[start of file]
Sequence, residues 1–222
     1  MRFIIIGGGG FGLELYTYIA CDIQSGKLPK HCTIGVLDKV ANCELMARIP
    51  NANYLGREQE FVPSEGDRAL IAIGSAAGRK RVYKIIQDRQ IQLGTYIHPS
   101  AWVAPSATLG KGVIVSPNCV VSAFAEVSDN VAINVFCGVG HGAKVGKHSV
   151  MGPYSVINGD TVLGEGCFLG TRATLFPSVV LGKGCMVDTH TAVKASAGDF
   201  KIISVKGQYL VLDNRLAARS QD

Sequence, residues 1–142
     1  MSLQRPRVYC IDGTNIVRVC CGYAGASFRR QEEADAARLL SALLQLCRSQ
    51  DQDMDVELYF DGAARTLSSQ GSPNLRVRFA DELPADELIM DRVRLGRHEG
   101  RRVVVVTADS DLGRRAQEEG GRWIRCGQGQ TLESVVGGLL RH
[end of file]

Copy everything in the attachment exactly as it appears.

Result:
Sequence, residues 1–222
     1  MRFIIIGGGG FGLELYTYIA CDIQSGKLPK HCTIGVLDKV ANCELMARIP
    51  NANYLGREQE FVPSEGDRAL IAIGSAAGRK RVYKIIQDRQ IQLGTYIHPS
   101  AWVAPSATLG KGVIVSPNCV VSAFAEVSDN VAINVFCGVG HGAKVGKHSV
   151  MGPYSVINGD TVLGEGCFLG TRATLFPSVV LGKGCMVDTH TAVKASAGDF
   201  KIISVKGQYL VLDNRLAARS QD

Sequence, residues 1–142
     1  MSLQRPRVYC IDGTNIVRVC CGYAGASFRR QEEADAARLL SALLQLCRSQ
    51  DQDMDVELYF DGAARTLSSQ GSPNLRVRFA DELPADELIM DRVRLGRHEG
   101  RRVVVVTADS DLGRRAQEEG GRWIRCGQGQ TLESVVGGLL RH